Austrian skydiver Felix Baumgartner has reached new heights in a space jump that was clocked at speeds of 364 miles per hour.
Red Bull Stratos, the name of the mission, is hoping to break even more records with a high-altitude skydive. Baumgartner is going after the world record of a skydive of 102,800 feet previously set by U.S. Air Force Captain Joe Kittinger in 1960.
"The height of Felix's test flight was significant, as it was the first time he passed the Armstrong Line of approximately 63,000 feet, where the atmospheric pressure truly tests Felix's custom-made space suit," the Red Bull team said in a statement.
"Keep in mind that at 120,000 feet … there is no atmosphere to sustain human life," Dustin Gohmert of NASA told the Star Tribune. "To the body, it's no different than being in deep space, save from possibly more radiation shielding from the little atmosphere you have. You need the full protection of the pressure suit," he explained.
Baumgartner's first jump was only 30,000 feet. He has now doubled that and will continue to jump until he reaches 120,000 feet. "I love the challenge. I have a passion for aviation, and I love working on things that start from scratch," he told Fox News.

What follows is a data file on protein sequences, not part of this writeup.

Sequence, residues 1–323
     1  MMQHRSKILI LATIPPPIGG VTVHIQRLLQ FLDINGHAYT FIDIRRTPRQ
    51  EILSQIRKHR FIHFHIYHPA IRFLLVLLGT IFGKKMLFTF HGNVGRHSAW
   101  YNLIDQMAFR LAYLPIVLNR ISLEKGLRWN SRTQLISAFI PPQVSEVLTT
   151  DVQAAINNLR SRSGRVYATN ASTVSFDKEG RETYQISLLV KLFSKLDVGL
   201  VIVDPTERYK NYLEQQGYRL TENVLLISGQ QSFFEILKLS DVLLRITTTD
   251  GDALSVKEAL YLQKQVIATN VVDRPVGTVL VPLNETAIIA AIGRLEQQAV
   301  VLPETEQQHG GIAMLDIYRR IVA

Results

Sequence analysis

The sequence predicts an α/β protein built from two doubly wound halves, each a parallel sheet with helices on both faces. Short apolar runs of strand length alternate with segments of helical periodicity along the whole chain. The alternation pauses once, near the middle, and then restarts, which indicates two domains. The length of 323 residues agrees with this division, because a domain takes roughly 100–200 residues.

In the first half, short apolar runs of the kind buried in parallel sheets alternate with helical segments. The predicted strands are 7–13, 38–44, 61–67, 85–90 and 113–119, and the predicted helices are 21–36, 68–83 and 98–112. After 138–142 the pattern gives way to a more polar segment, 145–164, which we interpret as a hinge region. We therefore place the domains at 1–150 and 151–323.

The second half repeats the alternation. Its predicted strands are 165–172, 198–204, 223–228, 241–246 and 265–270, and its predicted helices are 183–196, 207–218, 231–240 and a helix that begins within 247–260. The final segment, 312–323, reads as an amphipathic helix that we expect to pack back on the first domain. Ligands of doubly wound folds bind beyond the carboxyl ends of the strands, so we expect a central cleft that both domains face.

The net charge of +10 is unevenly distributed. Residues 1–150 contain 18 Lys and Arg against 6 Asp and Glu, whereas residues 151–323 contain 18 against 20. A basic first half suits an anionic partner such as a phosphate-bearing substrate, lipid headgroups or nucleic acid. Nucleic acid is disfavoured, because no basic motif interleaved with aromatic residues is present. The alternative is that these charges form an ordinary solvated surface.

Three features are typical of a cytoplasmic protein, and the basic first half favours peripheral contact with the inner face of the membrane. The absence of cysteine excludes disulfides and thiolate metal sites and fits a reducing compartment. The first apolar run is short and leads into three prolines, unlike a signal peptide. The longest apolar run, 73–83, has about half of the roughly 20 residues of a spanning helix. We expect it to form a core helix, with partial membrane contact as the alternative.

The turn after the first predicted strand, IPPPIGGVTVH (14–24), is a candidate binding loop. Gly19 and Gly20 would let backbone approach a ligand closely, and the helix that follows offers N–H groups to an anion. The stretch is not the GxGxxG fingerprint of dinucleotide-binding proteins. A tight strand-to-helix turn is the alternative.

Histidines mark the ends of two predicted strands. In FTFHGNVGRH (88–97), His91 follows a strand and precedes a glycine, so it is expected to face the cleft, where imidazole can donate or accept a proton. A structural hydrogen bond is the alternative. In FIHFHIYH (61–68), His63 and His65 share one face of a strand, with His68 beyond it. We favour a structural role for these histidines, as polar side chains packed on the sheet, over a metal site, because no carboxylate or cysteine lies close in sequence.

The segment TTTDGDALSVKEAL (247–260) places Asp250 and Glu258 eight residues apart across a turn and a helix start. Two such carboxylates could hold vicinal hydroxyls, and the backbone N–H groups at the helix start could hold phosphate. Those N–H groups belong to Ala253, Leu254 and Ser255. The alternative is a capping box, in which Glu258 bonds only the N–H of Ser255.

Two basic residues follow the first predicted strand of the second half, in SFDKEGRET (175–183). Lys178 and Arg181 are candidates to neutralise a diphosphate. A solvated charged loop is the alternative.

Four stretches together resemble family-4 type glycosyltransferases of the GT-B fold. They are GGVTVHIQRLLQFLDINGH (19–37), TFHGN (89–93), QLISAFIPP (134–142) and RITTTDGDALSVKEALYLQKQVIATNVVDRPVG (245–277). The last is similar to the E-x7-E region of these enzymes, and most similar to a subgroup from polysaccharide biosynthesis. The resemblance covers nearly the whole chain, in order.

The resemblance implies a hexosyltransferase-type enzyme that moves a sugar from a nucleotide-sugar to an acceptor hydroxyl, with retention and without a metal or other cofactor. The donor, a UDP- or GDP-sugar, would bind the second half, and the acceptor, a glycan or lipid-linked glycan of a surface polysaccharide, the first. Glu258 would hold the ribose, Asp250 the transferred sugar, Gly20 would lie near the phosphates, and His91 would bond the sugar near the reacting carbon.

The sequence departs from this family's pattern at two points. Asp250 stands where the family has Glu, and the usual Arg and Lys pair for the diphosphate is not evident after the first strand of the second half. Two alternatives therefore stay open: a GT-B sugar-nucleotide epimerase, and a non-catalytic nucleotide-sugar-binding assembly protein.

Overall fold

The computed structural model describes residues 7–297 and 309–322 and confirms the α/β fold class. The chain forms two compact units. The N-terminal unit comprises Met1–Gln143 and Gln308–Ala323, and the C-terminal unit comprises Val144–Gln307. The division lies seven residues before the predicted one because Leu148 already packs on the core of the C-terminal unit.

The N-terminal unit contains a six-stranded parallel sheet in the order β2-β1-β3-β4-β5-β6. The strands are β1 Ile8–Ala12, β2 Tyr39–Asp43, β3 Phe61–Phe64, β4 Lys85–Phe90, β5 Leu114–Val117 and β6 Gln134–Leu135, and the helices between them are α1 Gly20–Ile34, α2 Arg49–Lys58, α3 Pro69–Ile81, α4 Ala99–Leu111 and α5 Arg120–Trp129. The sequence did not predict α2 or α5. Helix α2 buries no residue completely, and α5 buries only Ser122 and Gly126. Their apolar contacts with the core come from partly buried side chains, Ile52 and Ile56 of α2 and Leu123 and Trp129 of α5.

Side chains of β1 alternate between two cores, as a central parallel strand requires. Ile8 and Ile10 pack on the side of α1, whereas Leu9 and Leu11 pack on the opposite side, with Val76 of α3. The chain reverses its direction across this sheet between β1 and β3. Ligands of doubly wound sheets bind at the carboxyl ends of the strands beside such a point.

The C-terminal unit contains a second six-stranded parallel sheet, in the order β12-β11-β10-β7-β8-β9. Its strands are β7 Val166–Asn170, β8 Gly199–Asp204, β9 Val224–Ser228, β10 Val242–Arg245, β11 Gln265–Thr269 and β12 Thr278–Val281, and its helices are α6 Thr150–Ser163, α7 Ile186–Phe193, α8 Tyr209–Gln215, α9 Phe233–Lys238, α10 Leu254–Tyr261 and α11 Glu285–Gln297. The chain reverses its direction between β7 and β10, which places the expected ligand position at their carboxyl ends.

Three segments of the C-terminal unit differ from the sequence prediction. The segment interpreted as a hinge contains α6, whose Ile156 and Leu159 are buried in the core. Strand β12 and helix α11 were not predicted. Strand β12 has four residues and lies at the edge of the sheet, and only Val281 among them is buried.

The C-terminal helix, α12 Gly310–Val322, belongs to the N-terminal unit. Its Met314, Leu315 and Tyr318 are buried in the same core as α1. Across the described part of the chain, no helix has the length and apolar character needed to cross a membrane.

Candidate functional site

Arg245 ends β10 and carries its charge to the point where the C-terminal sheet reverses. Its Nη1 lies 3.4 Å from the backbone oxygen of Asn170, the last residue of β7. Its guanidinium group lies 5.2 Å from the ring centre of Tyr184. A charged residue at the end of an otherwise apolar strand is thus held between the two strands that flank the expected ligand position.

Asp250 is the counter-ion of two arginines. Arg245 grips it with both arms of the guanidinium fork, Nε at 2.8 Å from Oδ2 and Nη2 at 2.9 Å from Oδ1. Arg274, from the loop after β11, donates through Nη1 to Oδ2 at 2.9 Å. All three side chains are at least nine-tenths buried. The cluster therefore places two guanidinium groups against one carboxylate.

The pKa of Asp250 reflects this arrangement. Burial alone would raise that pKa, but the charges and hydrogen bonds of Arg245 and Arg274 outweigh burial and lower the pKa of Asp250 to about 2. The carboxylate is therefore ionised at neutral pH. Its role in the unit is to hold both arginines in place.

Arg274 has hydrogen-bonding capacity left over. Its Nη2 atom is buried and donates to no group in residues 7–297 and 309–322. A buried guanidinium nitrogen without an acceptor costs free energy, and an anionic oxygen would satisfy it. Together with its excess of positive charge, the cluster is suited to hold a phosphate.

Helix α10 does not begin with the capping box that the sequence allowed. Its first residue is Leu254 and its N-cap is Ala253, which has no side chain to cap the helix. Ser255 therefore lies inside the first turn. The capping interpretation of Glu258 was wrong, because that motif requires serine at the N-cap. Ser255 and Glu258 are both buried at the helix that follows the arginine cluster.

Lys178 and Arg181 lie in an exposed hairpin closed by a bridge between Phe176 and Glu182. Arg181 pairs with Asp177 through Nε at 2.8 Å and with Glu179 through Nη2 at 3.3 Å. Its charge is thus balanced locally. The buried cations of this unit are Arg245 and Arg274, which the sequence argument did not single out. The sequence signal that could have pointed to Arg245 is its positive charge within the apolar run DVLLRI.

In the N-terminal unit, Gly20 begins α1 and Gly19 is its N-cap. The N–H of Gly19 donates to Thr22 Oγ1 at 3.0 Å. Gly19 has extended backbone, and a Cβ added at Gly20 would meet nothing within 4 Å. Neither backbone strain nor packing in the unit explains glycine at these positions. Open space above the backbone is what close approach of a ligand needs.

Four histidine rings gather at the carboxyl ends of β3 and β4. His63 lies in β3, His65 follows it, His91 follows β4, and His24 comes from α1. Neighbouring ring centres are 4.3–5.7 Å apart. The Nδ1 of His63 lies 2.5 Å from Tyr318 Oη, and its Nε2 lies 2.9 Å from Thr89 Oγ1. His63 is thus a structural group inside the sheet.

The ultimate goal is to break the sound barrier, which will require Baumgartner to drop from a height over 23 miles away from earth and reach speeds of over 760 miles per hour. Right now he is only halfway there but will keep trying until he is successful.
"In the 52 years since I did it, there have been a lot of improvements in pressure suits, in communications and life-support systems," Kittinger told the Star Tribune. "But the only thing that really has not changed in how hostile it is at that altitude. It's almost a complete vacuum," he explained.
"I had confidence in myself and my equipment and my team. That never varied," Kittinger said. "Felix has to have the same thing."
What is one of the things Baumgartner enjoys most about these jumps? "The view is amazing, way better than I thought," he told The Telegraph.